February 2011 Newsletter
The Crucial Transition from Vertical to Horizontal
Written By: Jeff Sacks
Are your dealership’s pay plans aligned with the objectives and culture of
the organization, or are they designed merely to reward for transactions, such as
volume or gross? Is it possible to accomplish a mixture of all of these attributes?
In looking to the future, we would like pay plans to foster a behavior that enables
us to concentrate on improving the transaction process, as well as the loyalty of
our customers so they may continually, and without interruption, return. The dealership
needs to function as a cohesive unit – all departments working in unison –
to bring to the table an experience for the customer that is positively memorable.
This means that not only the sales transaction should be well performed, but the
transition from sales to service, as well as all communications thereafter should
be seamlessly undertaken. In many instances, we hear of the ball being dropped with
our customers, the disconnects, and the face saving gestures to redeem ourselves.
Is that due to lack of caring or could this be a function of vertical thinking mentality
where we are only connected to a customer within our own department, and we don’t
have the concern or consideration once they have left our area of influence? This
vertical thinking mentality is pervasive and invariably costing us an enormous amount
of hidden costs in the form of high customer attrition. Thinking vertically, and
behaving vertically, is invariably a direct result of being paid vertically. As
pay influences behavior, so our behavior is influenced by pay plan design.
The essence of linked pay plans is to break down inter department barriers so that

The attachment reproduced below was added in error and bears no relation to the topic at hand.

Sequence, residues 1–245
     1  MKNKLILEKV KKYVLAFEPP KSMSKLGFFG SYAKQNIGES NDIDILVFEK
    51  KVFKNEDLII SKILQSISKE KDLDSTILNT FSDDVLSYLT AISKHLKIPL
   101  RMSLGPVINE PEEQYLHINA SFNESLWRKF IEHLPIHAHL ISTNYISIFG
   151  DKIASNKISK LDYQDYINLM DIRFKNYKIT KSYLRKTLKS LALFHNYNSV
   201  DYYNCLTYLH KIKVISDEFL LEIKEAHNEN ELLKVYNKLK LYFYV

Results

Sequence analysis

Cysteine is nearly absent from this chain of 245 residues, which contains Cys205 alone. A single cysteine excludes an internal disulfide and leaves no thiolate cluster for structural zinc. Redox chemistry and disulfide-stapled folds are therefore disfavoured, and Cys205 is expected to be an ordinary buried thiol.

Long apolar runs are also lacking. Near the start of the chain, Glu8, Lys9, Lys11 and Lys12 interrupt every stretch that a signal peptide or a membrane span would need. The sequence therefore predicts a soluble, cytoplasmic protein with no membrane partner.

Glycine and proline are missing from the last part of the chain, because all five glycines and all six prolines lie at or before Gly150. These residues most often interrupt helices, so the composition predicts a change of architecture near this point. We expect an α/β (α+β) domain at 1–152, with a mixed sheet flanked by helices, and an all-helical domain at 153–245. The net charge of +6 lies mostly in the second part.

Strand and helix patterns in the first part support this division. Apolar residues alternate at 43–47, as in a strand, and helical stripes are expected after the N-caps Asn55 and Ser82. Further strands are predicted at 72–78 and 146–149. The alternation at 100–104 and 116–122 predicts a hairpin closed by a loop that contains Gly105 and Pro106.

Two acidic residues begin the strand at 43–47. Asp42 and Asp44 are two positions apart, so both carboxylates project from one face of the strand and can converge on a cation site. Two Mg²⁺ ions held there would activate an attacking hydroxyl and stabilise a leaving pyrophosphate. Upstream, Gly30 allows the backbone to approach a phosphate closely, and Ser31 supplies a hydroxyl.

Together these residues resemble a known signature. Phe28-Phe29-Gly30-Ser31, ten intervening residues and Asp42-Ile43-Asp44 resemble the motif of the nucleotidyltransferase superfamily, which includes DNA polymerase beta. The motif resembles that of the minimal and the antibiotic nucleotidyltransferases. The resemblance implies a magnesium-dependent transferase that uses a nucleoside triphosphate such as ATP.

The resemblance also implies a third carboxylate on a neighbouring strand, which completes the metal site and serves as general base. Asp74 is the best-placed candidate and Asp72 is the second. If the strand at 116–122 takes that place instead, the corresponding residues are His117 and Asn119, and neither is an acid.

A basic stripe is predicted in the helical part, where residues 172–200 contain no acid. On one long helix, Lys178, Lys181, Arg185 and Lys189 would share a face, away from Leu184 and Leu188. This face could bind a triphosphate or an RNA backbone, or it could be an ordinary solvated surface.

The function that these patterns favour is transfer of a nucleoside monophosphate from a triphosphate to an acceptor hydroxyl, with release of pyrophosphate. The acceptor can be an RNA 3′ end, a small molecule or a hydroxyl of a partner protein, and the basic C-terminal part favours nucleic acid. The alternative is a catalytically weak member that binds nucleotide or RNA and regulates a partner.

all departments work cohesively and seamlessly together, with customers, as they
move from one department to another. Therefore, paying a salesperson on a greater
than 80% first appointment show rate may appear strange at first, but it has an
inherent logic to it that should improve customer retention in service. Paying sales
managers on customer pay labor may encourage sales managers to make sure that salespeople
do an exceptional job in presenting service in a favorable light to their customers
when delivering a new vehicle. The examples of linked pay plans go on and on, but
the prime reason to put them into place is really to improve the relevance of the
dealership to its customers and to overcome inter department rivalry and conflict
as people and departments vie to own the customer when, if fact, it is the dealership
that should own the customer.
The statement, ‘Show me your pay plan and I’ll write your job description,’
merely brings to the forefront that well designed pay plans will have the beneficial
result of making your dealership the primary choice amongst your customers. The
manual, Dealership Pay Plans That Work, may help you redesign your pay plans and
lead to improved personnel productivity and customer retention. It can be purchased
by going to www.jeffsacksauto.com to view the excellent training products offered
by Jeff online.